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Arms and Innovation: Entrepreneurship and Alliances in the Twenty-first Century Defense Industry

Arms and Innovation: Entrepreneurship and Alliances in the Twenty-first Century Defense Industry by James Hasik. University of Chicago Press, 2008, 224 pp.

Arms and Innovation has appeal for both the operational and logistical parts of the Air Force. The author probably intended his book for businessmen and industry engineers, but it has real value for military aviators, engineers, and acquisition officers as well.

Hasik has solid qualifications for the work, and his writing style is good, though some of the business jargon may seem a bit cumbersome. A senior consultant with Charles River Associates International and an advisor for businesses in the armaments industry, he has an economics degree from the University of Chicago and a bachelor’s degree in both physics and history from Duke. Hasik also coauthored The Precision Revolution: GPS and the Future of Aerial Warfare, another well-received work relevant to Airmen.

The theme of Arms and Innovation is that small firms can turn a profit in an industry dominated by a few giants like Boeing, Northrop Grumman, and Lockheed-Martin. They can do so by taking advantage of their strengths in innovative technologies that do not require deep scientific research, long production runs, or large-scale integration capabilities. Such small companies can survive by conducting independent work, partnering with the major corporations, or acquiring what they need in the way of unfamiliar technologies through market mechanisms. They should proceed with care, though, because the giants can overwhelm smaller businesses in some circumstances.

To make his point, Hasik uses several case studies, apparently drawn from his previous writings. Obviously his chapter on the Joint Direct Attack Munition system looks to his book on precision weapons and the global positioning system. He includes similar chapters on space programs, remotely piloted aerial systems, small naval vessels, and—especially—new vehicles to cope with mines and roadside bombs in the Middle East. Hasik discusses opportunities to take advantage of innovation in overseas communities (Australia for small vessels and South Africa for armored vehicles) to the profit of both—new ideas for America and profits for the overseas businesses.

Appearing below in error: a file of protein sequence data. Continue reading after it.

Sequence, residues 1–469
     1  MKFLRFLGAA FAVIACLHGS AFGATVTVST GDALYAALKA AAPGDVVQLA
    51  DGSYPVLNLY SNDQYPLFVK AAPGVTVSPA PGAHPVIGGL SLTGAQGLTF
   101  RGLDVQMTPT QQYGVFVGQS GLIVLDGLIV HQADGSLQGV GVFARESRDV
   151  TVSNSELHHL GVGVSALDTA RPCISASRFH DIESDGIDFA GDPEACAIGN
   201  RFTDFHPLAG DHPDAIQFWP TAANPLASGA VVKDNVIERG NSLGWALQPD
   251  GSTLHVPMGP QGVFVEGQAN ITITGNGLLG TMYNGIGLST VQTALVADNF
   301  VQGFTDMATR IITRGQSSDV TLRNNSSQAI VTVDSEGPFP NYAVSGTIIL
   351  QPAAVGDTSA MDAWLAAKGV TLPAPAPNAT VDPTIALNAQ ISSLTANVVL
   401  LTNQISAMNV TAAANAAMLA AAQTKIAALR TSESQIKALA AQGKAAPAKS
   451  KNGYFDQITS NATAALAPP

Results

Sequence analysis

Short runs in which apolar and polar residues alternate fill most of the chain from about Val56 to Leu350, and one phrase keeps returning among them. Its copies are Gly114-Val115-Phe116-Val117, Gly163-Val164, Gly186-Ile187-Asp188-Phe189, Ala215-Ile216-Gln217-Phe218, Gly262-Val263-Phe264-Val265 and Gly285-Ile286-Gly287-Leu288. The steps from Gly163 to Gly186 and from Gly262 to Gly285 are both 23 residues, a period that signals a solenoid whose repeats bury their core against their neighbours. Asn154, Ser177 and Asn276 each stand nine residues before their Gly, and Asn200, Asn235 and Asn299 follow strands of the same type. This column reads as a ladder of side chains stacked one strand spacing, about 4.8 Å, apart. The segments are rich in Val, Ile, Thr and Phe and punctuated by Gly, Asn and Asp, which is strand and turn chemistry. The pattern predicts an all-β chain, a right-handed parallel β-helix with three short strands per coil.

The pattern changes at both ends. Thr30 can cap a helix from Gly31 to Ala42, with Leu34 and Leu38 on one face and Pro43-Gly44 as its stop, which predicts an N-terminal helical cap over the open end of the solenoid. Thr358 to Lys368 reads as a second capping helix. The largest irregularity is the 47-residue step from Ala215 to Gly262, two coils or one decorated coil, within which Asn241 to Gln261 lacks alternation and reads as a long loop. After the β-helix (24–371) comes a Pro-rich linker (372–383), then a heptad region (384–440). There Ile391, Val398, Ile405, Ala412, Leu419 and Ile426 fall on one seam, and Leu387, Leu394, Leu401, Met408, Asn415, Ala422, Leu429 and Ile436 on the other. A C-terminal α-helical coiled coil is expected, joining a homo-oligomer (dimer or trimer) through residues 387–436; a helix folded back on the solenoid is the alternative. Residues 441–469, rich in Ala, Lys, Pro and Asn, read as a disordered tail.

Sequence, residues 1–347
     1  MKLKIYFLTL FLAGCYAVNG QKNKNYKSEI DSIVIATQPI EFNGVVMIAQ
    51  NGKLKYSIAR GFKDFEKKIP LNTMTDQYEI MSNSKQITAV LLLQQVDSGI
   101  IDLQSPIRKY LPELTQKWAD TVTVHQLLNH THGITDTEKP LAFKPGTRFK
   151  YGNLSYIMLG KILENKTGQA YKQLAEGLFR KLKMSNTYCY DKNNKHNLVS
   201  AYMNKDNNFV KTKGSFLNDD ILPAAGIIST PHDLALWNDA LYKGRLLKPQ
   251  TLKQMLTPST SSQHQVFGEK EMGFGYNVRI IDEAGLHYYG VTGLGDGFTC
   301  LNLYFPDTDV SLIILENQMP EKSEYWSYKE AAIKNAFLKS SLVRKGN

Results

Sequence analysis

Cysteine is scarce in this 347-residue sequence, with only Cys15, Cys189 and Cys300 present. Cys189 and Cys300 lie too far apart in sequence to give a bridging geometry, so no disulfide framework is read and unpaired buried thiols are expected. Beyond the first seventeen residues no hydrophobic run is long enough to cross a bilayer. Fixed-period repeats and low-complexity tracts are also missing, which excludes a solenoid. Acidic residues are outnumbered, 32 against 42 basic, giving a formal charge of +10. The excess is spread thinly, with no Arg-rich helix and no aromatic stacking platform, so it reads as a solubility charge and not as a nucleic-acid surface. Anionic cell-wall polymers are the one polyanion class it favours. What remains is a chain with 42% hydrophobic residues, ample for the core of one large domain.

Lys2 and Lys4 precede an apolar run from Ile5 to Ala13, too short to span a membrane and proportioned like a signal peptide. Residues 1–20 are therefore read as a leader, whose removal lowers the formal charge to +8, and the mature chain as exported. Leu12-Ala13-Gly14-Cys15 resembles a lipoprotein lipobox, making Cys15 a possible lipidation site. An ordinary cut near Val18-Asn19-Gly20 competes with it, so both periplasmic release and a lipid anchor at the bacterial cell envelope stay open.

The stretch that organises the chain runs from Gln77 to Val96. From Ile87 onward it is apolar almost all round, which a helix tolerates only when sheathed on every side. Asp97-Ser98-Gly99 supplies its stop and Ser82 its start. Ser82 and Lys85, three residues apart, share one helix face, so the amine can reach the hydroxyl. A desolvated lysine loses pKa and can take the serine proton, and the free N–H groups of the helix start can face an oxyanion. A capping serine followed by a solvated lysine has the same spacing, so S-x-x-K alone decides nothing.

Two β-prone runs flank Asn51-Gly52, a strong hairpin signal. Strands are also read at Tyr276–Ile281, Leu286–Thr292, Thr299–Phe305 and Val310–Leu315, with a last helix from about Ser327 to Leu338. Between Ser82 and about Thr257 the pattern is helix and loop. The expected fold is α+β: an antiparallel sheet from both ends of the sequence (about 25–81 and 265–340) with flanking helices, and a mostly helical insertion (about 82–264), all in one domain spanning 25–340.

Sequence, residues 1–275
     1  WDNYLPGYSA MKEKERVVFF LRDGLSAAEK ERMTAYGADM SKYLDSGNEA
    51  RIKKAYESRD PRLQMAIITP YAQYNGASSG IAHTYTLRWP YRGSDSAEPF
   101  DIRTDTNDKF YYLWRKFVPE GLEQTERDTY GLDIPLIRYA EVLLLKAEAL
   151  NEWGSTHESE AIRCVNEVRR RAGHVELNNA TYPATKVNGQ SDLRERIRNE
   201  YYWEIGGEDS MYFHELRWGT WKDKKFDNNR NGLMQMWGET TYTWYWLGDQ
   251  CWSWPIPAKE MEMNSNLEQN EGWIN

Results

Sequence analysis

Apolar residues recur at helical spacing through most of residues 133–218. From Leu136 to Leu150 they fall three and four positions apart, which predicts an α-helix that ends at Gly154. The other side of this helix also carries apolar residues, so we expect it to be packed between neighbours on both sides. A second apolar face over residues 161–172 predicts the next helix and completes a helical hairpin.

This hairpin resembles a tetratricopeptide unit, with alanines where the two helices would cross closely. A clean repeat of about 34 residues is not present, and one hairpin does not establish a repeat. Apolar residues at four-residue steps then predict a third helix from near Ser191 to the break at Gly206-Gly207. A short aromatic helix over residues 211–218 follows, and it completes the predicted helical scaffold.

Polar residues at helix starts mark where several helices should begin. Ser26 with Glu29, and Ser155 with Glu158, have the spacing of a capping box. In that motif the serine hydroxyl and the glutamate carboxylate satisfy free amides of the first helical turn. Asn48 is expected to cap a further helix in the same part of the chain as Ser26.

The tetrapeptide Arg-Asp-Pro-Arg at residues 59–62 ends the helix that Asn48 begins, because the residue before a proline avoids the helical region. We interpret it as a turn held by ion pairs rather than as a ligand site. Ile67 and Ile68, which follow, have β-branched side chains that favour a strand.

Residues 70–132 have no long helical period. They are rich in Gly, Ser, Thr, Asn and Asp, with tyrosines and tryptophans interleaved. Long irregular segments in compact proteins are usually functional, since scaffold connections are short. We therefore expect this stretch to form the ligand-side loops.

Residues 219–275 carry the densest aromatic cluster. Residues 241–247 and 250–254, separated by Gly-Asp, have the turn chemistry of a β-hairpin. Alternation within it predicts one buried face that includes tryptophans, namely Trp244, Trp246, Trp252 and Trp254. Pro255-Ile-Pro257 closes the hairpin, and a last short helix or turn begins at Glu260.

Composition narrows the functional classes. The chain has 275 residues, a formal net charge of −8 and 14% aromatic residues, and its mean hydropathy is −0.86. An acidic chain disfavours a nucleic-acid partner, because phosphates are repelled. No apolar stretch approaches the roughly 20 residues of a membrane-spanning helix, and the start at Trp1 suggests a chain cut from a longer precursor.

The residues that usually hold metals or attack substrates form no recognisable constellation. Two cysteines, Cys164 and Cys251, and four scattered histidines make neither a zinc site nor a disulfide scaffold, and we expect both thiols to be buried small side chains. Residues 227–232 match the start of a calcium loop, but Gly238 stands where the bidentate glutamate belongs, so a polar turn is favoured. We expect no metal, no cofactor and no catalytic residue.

Notions about innovation are useful for officers in every field. People in both the technical and business fields of Air Force Materiel Command will find the case studies instructive. Operators will benefit from the book by adding to their understanding of the innovation and acquisition processes against the day when they become involved in the generation of requirements. Everyone needs to understand that innovation can come from a host of different directions—in new technologies and in better ways of combining and using older ones. I recommend that air warrior-scholars give Arms and Innovation a high place on their reading lists.

Dr. David R. Mets

Niceville, Florida

"The views expressed are those of the author(s) and do not reflect the official policy or position of the US government or the Department of Defense."

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